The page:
Regarding her personal character there has been diversity of opinion--as, indeed, there has been in the case of nearly every exalted personage. After her separation from the king, she was the subject of a scandalous attack, entitled Le Divorce Satyrique, ou les Amours de la Reyne Marguerite de Valois; but this anonymous libel was never seriously considered. M. Pierre de Bourdeville, Sieur de Brantôme (better known by the final name), who gives many facts concerning her later life in hisAnecdotes des Rois de France, is a staunch adherent of hers. Ronsard, the Court poet, is also extravagant in his praises of her, but chiefly of her beauty. Numerous other poets and romancers have found her life a favourite subject. Meyerbeer's opera,Les Huguenots, is based upon her wedding, and the ensuing Massacre. Dumas's well -known novel, Marguerite de Valois, gives her a somewhat dubious reputation, as half-tool, half-agent for Catherine, and as the mistress of the historical La Mole. This doubtful phase, however, if true, was but in keeping with the fashion of the times. It is mentioned merely as a possible line completing the portrait of this brilliant woman, who lives again for us in the pages of herMemoirs.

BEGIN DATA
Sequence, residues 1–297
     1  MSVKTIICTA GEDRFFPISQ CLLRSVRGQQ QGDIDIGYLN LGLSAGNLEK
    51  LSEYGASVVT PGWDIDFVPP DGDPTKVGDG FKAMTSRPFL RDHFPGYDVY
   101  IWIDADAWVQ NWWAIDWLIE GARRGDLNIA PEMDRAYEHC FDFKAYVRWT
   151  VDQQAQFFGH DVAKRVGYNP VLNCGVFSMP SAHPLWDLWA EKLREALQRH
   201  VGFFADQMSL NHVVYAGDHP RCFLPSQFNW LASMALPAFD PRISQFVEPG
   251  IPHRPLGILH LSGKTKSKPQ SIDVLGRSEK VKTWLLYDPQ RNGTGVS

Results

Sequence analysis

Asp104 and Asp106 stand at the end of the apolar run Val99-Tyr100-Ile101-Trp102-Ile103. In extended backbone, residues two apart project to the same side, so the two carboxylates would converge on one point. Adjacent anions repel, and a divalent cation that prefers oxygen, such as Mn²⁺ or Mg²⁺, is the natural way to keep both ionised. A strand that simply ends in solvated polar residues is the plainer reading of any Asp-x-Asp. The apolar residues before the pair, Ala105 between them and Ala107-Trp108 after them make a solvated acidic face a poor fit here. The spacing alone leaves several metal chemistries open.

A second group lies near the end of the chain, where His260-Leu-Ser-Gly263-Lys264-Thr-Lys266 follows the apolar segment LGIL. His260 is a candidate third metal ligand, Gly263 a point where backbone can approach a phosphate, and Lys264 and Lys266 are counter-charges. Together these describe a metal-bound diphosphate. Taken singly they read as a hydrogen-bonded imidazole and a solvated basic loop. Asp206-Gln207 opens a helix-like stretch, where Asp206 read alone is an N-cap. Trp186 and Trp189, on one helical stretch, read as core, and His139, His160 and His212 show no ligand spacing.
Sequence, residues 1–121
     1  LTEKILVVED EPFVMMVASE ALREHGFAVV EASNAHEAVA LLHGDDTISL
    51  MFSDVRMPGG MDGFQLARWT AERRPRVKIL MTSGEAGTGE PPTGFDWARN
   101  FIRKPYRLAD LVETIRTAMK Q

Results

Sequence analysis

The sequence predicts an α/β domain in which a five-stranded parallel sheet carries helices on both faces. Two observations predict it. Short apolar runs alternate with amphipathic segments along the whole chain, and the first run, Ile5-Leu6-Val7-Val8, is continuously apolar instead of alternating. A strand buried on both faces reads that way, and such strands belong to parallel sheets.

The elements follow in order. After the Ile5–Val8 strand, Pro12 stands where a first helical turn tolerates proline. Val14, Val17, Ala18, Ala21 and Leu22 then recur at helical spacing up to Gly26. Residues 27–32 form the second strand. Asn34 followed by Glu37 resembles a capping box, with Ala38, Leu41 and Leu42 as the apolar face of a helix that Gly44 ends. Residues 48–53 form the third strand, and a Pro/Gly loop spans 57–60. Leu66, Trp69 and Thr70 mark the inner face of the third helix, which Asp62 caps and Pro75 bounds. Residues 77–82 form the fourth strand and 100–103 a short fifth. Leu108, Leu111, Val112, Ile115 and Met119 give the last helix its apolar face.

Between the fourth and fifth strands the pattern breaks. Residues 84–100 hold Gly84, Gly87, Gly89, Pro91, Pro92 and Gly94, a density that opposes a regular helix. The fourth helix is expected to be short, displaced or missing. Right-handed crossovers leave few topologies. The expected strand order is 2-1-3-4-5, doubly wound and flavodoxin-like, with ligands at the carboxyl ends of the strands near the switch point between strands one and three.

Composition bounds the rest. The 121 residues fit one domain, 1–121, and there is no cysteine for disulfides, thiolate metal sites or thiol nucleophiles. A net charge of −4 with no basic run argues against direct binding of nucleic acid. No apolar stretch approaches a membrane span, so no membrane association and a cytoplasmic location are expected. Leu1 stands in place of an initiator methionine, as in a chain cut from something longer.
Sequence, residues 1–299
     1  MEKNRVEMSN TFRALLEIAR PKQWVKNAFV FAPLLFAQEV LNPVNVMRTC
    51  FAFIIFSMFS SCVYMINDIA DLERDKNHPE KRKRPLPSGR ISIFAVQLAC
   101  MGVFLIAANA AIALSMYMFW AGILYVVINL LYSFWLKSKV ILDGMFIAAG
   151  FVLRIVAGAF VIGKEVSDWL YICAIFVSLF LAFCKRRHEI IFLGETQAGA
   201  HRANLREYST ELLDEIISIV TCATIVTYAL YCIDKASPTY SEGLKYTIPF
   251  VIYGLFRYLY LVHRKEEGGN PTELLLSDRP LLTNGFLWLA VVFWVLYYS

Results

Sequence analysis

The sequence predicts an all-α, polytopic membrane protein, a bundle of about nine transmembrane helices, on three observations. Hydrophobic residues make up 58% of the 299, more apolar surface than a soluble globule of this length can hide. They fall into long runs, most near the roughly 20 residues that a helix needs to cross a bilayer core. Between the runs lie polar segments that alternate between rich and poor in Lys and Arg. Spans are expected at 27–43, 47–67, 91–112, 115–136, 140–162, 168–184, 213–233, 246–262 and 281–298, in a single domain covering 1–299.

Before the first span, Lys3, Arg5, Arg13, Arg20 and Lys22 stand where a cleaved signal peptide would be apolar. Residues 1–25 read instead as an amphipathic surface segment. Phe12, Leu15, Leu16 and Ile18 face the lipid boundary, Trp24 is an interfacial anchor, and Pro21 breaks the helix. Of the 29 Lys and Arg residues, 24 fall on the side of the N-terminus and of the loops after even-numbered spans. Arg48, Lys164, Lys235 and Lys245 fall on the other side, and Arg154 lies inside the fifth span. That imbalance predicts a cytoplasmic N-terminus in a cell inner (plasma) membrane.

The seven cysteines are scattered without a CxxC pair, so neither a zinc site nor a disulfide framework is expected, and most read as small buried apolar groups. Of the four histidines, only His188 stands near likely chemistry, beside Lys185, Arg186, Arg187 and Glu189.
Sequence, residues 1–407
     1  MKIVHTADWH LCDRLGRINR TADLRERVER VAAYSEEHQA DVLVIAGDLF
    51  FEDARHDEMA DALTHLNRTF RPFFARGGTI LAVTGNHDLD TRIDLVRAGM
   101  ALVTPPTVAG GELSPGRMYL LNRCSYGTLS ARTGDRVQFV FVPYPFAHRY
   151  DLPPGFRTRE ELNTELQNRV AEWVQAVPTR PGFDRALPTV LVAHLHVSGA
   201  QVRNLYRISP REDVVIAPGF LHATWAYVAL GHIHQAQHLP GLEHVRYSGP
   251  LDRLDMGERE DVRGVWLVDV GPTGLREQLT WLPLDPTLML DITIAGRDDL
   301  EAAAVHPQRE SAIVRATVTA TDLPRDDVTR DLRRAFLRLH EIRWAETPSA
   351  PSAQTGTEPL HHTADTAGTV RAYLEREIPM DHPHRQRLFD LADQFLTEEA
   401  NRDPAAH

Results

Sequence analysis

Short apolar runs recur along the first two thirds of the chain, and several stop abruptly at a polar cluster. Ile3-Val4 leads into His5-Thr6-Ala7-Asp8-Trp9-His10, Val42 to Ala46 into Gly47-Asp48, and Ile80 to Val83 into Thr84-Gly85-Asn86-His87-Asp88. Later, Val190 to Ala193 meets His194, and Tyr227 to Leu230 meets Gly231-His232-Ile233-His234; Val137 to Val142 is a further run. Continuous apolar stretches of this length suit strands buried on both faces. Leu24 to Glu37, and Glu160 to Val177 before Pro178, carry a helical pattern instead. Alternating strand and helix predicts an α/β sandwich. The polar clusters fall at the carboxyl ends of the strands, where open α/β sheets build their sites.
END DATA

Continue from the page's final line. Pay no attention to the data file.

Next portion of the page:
ON MARGUERITE DE VALOIS. QUEEN OF NAVARRE. Dear native land! and you, proud castles! say (Where grandsire,[1] father,[2] and three brothers[3] lay, Who each, in turn, the crown imperial wore), Me will you own, your daughter whom you bore? Me, once your greatest boast and chiefest pride, By Bourbon and Lorraine,[4] when sought a bride; Now widowed wife,[5] a queen without a throne, Midst rocks and mountains[6] wander I alone. Nor yet hath Fortune vented all her spite, But sets one up,[7] who now enjoys my right, Points to the boy,[8] who henceforth claims the throne And crown, a son of mine should call his own.